Stative Verbs or How to run in suspended animation
We'll show you a trick today ... how you can run without moving.
But first we have to consider what on earth a stative verb is. It's quite easy really ... you can basically sort all verbs (in those languages that have verbs that is ...) into two groups. Verbs which describe an outright action and verbs which describe a state (hence 'stative') or a relationship. "Hit" is a very good example of an active verb. You need to lift your arm, bring it down with force and make contact with something/someone else ... "Sleep" on the other hand doesn't really involve any great actions, you can sleep for hours without moving about at all.
Now in English it doesn't really matter whether a verb is active or stative ... English treats both the same way - "he is sleeping" or "he is hitting" don't require you to do different things in terms of the grammar. Well, you could argue that depending on how you're using a verb, it influences the choice of tenses available, so "I am drinking Espresso" (which uses "drink" as a stative verb) would be stative and "I drink Espresso" (which uses "drink" as an active verb) would be active but that's a bit silly really.
Anyway, there are a lot of languages where active and stative verbs are treated VERY differently. In Lakhóta (Sioux) for example you have to use two entirely different personal markers depending on what kind of verb it is - either ya (for active verbs) or ma (for stative verbs):
|I jump||I am a man|
Now what does this have to do with Gaelic? Well, Gaelic treats active and stative verbs differently. Luckily enough though, there aren't many stative verbs in Gaelic.
The one's that are though use the 'na paradigm:
|tha mi 'nam chadal||I am sleeping|
|tha thu 'nad chadal||You are sleeping|
|tha e 'na chadal||He is sleeping|
|tha i 'na cadal||She is sleeping|
|tha sinn 'nar cadal||We are sleeping|
|tha sibh 'nur cadal||You are sleeping|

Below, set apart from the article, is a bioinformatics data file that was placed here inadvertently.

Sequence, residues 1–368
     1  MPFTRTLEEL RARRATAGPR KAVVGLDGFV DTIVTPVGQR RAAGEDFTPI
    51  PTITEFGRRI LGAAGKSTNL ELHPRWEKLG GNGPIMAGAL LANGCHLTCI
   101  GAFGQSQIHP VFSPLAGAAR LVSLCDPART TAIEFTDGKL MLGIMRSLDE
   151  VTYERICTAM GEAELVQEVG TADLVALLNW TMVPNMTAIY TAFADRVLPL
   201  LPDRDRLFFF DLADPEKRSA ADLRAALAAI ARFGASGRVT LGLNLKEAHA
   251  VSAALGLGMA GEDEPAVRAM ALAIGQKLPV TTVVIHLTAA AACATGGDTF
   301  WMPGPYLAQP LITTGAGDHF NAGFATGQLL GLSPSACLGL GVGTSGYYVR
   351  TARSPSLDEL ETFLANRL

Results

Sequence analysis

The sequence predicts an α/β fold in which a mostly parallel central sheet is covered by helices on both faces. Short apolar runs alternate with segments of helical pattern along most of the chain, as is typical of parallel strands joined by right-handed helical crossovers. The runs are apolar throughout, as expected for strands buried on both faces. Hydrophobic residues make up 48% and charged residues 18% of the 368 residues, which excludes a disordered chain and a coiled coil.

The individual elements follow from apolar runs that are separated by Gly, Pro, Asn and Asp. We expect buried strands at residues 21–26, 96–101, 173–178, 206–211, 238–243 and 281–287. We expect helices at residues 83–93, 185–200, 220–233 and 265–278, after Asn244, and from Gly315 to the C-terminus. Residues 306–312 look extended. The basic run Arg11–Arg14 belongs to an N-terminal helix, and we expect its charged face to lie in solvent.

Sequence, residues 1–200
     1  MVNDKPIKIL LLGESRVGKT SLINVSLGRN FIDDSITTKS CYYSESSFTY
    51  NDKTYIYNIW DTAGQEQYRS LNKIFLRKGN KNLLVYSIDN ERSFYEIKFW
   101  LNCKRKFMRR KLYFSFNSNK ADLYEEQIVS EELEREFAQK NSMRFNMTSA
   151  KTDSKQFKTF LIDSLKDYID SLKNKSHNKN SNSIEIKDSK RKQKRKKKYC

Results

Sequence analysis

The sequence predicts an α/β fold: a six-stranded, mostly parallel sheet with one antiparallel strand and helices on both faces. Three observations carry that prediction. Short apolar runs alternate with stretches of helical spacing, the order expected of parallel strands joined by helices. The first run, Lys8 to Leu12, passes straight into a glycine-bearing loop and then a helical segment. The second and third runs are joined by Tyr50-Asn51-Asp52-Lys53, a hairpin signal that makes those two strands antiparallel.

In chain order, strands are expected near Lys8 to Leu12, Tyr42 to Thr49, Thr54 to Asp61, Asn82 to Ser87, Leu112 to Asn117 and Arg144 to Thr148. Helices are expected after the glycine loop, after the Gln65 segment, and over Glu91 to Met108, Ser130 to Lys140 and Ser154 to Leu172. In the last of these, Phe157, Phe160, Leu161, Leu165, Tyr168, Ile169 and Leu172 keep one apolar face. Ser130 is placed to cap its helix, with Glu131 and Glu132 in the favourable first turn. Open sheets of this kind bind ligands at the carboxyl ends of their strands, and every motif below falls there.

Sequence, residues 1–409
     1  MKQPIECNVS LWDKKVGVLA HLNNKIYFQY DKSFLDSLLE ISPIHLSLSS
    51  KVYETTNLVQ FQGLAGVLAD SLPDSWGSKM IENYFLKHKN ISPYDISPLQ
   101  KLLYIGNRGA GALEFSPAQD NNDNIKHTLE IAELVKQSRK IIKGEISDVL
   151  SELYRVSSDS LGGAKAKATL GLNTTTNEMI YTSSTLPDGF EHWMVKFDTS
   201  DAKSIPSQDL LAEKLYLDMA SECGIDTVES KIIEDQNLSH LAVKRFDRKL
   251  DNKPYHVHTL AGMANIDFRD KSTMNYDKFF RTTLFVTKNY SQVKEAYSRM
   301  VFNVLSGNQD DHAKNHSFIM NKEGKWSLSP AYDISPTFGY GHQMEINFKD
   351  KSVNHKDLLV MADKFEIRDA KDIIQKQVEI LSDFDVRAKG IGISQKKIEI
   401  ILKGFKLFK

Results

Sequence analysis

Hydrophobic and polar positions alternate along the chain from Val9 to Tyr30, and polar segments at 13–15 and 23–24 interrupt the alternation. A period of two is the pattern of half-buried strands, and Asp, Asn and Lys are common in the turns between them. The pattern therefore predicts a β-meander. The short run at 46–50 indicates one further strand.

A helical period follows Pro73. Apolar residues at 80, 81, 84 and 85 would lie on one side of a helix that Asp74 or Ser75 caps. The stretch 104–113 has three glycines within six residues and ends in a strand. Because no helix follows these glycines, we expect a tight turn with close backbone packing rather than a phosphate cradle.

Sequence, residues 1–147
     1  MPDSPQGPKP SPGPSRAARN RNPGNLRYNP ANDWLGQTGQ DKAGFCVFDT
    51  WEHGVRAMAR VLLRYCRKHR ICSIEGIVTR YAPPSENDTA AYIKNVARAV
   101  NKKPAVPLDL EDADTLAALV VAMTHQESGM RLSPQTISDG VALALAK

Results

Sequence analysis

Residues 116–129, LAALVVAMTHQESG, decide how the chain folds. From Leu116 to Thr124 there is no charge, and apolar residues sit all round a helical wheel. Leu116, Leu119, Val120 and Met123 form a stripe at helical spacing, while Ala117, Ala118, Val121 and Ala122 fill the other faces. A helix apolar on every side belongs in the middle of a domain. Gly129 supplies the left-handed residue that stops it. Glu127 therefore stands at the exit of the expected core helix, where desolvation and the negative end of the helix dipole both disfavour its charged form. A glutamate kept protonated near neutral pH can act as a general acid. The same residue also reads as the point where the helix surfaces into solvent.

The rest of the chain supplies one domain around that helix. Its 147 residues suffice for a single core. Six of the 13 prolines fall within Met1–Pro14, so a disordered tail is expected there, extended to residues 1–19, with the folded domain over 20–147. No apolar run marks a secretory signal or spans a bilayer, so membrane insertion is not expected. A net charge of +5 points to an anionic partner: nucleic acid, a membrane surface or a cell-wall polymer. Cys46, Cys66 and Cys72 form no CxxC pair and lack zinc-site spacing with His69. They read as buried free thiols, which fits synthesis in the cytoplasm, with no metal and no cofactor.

|tha iad 'nan cadal||They are sleeping|
So how many stative verbs are there in Gaelic? Well, maybe 20 or so, I don't think anybody has ever made an exhaustive list but here's the most common one's:
The interesting thing is that with some of them you can make very neat distinctions. For example, tha mi a' seasamh and tha mi 'nam sheasamh are both correct but mean rather different things. In the first case, you are actively standing up, as in, you were sitting or lying a moment ago and are now trying to get on your feet. In the second case you're already standing and simply stating that that is the case. That is why traditionally you do not need to use suas or sìos with seasamh and suidhe in Gaelic. Depending on how you use them, one of them describes the action, the other the state: tha mi a' suidhe (or tha mi a' dèanamh suidhe even) and tha mi 'nam shuidhe. Perhaps we should better call them "potentially stative" rather than "stative verbs". Anyway.
Now, funnily enough, not all languages agree on whether the same action is considered active or stative. In Basque for example the verb for "to begin" is considered 100% stative ... And that is where the trick comes in. In Gaelic ruith is considered a stative verb: tha mi 'nam ruith. From the English point of view that is weird because running is considered a very active action ... but not so in Gaelic and so you can think of Gaelic running taking place as some sort of frozen action!
But just to touch all bases - even ruith can be an active verb: ruith e a-mach. That is because in this case you're not focussing on the ongoing running (at a Marathon for example) but the action that is (suddenly) taking place. So a good contrastive example would be bha mi 'nam ruith nuair a chuala mi fuaim "I was running when I heard a sound" and chunnaic mi gun robh a' chidsin air theine is ruith mi a-mach ás an taigh "I saw the kitchen was on fire and ran out of the house".
Time for a walk I think ...
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